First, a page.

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Sotheby's expects rare blue diamond to fetch $48M at auction

The largest blue diamond to ever appear at auction, the De Beers Cullinan Blue, is at Sotheby's on Tuesday in New York City. Photo by John Angelillo/UPI
1 of 3 | The largest blue diamond to ever appear at auction, the De Beers Cullinan Blue, is at Sotheby's on Tuesday in New York City. Photo by John Angelillo/UPI | License Photo

Feb. 16 (UPI) -- A 15.1-carat blue diamond is expected to fetch at least $48 million when it goes to auction in April in Hong Kong, Sotheby's announced Wednesday.

Known as the De Beers Cullinan Blue, the gem is the largest diamond with a fancy vivid blue grade to head to auction, according to the auction house. The Gemological Institute of America awards the fancy vivid blue -- its highest color grading for blue diamonds -- to about 1% of diamonds submitted to it.

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The rare jewel is larger than the 14.6-carat Oppenheimer Blue diamond that sold for more than $57.54 million at a Christie's auction in 2016.

The $48 million price tag is the highest estimate ever placed on a blue diamond at auction.

"Blue diamonds of any kind are rare on the market, but this is the rarest of the rare; nothing of remotely similar caliber has appeared at auction in recent years," said Patti Wong, chairwoman of Sotheby's Asia.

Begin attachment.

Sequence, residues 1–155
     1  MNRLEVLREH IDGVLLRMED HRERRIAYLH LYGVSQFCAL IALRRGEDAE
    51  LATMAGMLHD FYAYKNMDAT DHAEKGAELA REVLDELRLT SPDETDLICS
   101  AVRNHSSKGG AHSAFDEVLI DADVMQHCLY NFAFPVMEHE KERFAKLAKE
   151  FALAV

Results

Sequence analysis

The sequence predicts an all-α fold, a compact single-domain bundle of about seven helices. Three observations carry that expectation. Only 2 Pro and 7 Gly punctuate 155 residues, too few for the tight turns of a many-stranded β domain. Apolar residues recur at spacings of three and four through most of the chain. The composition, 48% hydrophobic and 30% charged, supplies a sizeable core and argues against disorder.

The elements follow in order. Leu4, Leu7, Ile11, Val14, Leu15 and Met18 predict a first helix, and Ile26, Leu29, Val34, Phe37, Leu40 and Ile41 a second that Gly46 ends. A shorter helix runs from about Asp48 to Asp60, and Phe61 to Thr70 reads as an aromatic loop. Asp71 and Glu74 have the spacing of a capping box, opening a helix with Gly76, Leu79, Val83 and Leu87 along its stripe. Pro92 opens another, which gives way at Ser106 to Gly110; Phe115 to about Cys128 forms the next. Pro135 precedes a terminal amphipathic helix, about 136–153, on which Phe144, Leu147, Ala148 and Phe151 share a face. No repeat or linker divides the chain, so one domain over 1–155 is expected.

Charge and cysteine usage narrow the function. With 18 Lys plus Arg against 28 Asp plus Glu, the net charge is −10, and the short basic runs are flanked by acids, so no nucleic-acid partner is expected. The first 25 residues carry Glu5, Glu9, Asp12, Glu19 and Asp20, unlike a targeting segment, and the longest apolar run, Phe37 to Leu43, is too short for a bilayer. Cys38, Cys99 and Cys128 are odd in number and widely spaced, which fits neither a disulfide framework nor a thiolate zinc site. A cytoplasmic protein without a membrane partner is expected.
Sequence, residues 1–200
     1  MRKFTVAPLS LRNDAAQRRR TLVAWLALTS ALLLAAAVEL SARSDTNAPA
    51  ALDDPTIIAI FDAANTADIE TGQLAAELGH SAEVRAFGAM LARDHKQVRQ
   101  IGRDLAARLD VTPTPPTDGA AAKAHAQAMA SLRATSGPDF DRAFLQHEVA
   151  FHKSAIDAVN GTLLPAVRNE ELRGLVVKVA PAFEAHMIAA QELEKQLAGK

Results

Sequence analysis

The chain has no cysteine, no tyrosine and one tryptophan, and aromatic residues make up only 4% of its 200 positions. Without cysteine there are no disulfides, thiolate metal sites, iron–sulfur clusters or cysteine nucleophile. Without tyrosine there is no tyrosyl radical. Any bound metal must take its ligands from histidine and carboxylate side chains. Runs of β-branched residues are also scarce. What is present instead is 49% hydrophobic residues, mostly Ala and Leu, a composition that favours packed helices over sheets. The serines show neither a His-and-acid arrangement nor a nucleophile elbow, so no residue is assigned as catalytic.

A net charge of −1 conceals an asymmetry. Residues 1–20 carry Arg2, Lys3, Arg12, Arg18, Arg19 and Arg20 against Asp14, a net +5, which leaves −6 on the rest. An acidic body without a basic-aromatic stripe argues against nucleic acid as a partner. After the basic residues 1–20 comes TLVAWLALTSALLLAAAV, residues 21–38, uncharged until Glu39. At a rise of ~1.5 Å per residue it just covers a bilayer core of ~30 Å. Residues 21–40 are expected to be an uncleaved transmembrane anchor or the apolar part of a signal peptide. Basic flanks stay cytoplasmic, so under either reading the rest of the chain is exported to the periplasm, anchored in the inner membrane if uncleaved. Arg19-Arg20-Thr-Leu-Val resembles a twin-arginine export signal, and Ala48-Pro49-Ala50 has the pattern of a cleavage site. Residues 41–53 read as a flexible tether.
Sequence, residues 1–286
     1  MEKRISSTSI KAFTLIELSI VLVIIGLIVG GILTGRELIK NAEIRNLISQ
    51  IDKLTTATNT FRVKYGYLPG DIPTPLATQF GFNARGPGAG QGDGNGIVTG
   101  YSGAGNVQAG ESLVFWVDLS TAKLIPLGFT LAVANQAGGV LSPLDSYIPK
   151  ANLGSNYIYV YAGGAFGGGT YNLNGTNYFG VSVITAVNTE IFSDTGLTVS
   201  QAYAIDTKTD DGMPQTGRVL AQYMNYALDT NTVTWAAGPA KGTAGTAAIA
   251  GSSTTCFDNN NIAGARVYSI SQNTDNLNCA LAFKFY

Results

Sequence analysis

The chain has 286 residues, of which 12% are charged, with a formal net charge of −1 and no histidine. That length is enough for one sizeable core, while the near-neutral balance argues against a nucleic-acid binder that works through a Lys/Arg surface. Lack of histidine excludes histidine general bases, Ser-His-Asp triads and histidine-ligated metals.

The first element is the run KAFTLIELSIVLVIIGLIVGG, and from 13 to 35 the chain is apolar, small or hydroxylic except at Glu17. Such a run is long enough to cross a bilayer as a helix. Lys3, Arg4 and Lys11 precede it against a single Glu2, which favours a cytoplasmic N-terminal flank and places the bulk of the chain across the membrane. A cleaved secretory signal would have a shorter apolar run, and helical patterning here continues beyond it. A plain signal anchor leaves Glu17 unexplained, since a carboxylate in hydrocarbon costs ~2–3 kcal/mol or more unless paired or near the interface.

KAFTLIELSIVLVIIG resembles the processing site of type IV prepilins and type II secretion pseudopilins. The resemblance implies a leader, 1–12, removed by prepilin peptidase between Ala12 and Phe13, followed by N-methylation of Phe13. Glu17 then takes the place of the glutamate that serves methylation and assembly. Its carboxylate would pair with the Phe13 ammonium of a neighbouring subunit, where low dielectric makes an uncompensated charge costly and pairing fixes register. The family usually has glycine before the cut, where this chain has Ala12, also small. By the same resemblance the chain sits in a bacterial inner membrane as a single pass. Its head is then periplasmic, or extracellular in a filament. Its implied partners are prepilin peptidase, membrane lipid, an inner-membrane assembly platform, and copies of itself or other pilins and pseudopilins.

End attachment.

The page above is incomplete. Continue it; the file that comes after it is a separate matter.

"Hundreds of years in the making, this extraordinary blue diamond is surely one of nature's finest creations. Now brought to dazzling life by the hand of one of the world's most skillful cutters, it is the ultimate masterpiece -- as rare and desirable as the very greatest works of art."

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Sotheby's said the diamond was discovered at the Cullinan Mine in South Africa in 2021. The mine is one of the few sources of blue diamonds in the world.

The Cullinan Mine was once home to many other notable diamonds, including the Great Star of Africa and Lesser Star of Africa -- both of which are in the British crown jewels -- and the 507.5-carat Cullinan Heritage Diamond found in 2010.

The blue color in the De Beers Cullinan Blue is caused by trace amounts of the rare element boron within the diamond's lattice structure.

"Among the rarest of stones in what is arguably the most desirable of colors -- powerful and vivid, but at the same time calm and majestic -- it must surely rank among the greatest wonders of the natural world," said Wenhao You, chairman of jewelry and watches at Sotheby's Asia. "It is literally irresistible."

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